How did you learn the languages you use at work?
I have a bachelor's and master’s degree in French and a total of 15 years of experience in French-speaking countries, studying and working. My Spanish came through university courses and almost five years of living and working in Spanish-speaking countries. Both languages are constantly being upgraded and maintained.
What attracted you to become a language professional at the United Nations?
Following university in Jamaica (University of the West Indies), I wanted to do something more practical with languages, so I trained at the School of Translation and Interpreting at the University of Geneva (ETI), first as a translator then as an interpreter. After leaving ETI in 1997, I worked alternately as a translator, reviser, and interpreter with various international organizations in Geneva, Brussels, Washington, D.C., Panama, Mexico and The Hague. By 2008, I decided it was time to focus on interpreting alone and stop flitting back and forth between the two disciplines, especially since there were few institutions that allowed staff to do both. I sat and passed the competitive examination in 2011, then jumped at the chance of joining the United Nations as a staff interpreter when offered a position in 2012. I have never looked back.
How do you find working for the United Nations different from your previous jobs?
One of the bonuses of working as a staff interpreter at the United Nations is that there is still almost as much variety for the in-house interpreter as for any freelance interpreter out there on the open market. The variety of bodies, subject matters, forums, and venues make for an ever-changing environment with unpredictable challenges.
What do you consider to be the key traits of a good interpreter?
A sharp intellect, a curious mind, nerves of steel, and the flexibility to adapt to an ever-changing environment. Dedication and belief in the ideals of the United Nations are antidotes to cynicism and jadedness.
What part of your job do you consider the most interesting? Why?
There are so many interesting aspects to my job. The good thing is I never know when an assignment will be forever etched in my memory and for what reason. The most memorable assignments so far, however, are those where I interpret for people whose personal stories put a human face and voice to the situations and crises that the international community is trying to resolve. It is always a privilege and a rare opportunity to be their voice and convey not just their words and meaning, but also their emotions and feelings so the world can connect in a meaningful way with their story.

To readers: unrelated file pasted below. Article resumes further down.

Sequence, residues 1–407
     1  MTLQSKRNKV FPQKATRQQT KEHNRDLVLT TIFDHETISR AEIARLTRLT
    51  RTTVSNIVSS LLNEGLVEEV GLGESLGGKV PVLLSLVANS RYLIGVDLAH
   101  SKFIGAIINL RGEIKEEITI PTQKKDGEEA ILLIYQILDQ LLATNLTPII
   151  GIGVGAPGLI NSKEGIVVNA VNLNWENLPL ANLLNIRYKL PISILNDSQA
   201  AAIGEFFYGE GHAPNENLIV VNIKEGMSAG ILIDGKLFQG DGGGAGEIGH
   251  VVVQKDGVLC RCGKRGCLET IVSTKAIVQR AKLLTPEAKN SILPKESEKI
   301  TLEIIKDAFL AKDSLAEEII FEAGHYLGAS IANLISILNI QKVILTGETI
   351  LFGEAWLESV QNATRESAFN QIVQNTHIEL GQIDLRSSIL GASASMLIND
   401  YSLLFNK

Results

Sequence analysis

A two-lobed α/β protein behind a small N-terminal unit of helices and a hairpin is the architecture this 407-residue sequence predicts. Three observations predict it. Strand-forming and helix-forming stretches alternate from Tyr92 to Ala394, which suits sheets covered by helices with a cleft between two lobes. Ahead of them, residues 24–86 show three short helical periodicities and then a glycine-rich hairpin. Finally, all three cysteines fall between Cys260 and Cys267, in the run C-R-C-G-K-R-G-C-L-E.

What challenges do you face in your daily work and how do you handle them?
Speed, speed, and then speed! More and more statements are delivered at breakneck speed and we often do not have a text to follow.
How often do you come across words or phrases you are unfamiliar with? How do you deal with them?
Not very often, thankfully. Whenever I do, a combination of context, attentive colleagues, experience and a handy laptop usually conspire to bring solutions in the nick of time.
What are some of the most difficult assignments you have worked on?
Some of the United Nations Commission on International Trade Law (UNCITRAL) drafting sessions are about as technical as it ever gets for me. The fields and vocabulary are highly specialized and require pinpoint precision as the delegates cast and recast the language of the legal provisions to home in on their intended purpose.
What do you think about the evolution of technology in your field of work? How has it affected you?
The changes are increasingly fast and frequent and for the most part work in our favour. We are constantly in dialogue as a service to determine how best to use technology to optimize our service delivery in step with the other teams of our Department.
How does your work fit into the larger framework of the United Nations?
We are critical to the operations of the United Nations, and a cog in a series of essential wheels in the United Nations system. It takes a great deal of work behind the scenes before delegates convene for a meeting; we get to play our part in the grand finale that was many weeks and months in the making by our other hard-working colleagues.
What is your most memorable story about your work?
This may not be as funny telling it as when it happened, but I'll try. Let’s just say that a delegate may have had a cold or I might have simply misheard… Anyway, the result was that the equivalent of "everything but arms” came out sounding like "everything but the trees”, which is what I said before immediately realizing the mistake and promptly correcting the error. Needless to say, there was a good round of belly laughter in the room, correction notwithstanding. It helped that I was able to laugh at myself too after all, it was funny in the moment!
Do you have any advice for budding language professionals? Any tips on how to prepare for the competitive examinations for interpreters?
Read widely in all your languages, including in your mother tongue; develop your analytical skills; take a genuine interest in the work of the United Nations and learn all you can about its programmes and operations; use our webcasts to practice and learn to become your best cheerleader and critic!